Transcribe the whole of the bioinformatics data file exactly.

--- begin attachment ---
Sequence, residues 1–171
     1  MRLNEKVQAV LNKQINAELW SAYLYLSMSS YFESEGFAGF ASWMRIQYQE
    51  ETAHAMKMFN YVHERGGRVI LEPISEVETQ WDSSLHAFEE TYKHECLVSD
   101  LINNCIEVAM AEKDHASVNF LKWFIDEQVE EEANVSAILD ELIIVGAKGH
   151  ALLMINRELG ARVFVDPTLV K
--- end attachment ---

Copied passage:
Sequence, residues 1–171
     1  MRLNEKVQAV LNKQINAELW SAYLYLSMSS YFESEGFAGF ASWMRIQYQE
    51  ETAHAMKMFN YVHERGGRVI LEPISEVETQ WDSSLHAFEE TYKHECLVSD
   101  LINNCIEVAM AEKDHASVNF LKWFIDEQVE EEANVSAILD ELIIVGAKGH
   151  ALLMINRELG ARVFVDPTLV K